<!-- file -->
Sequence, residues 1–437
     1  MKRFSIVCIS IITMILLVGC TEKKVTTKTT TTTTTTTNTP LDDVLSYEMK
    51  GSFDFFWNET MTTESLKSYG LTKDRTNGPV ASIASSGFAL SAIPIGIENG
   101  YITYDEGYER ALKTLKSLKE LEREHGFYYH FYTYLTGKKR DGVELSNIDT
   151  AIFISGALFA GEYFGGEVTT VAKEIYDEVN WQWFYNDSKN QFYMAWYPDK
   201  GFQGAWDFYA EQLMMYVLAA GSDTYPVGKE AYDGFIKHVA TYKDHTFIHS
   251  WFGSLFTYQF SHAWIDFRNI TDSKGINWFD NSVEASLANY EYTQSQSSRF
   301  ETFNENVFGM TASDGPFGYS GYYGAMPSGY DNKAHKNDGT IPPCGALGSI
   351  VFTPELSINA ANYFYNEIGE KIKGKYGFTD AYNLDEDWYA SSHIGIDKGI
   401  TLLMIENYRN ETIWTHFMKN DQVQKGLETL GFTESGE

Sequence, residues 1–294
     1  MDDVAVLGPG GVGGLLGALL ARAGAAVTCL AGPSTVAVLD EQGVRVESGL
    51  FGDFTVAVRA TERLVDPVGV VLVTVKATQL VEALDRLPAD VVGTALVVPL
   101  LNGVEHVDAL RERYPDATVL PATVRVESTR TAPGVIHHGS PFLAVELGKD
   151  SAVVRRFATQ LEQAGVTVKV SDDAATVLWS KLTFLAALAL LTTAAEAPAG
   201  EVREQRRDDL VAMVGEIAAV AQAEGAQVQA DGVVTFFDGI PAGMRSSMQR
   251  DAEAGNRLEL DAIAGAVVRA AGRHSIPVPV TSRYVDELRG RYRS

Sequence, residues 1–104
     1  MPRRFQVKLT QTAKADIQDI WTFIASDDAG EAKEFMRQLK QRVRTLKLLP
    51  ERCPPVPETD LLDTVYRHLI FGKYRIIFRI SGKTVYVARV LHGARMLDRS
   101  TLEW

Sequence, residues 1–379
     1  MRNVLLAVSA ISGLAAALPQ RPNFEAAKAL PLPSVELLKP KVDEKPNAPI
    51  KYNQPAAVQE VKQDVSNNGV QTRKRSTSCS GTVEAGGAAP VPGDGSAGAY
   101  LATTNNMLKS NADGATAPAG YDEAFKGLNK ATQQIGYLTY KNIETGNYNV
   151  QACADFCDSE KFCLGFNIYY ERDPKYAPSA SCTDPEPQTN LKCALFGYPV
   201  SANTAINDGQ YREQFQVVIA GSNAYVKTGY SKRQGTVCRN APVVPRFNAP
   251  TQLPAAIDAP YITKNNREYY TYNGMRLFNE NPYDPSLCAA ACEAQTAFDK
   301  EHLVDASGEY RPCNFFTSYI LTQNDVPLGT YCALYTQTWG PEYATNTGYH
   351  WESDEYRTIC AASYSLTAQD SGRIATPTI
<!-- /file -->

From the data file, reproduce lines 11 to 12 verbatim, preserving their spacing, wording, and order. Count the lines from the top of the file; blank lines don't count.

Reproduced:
Sequence, residues 1–294
     1  MDDVAVLGPG GVGGLLGALL ARAGAAVTCL AGPSTVAVLD EQGVRVESGL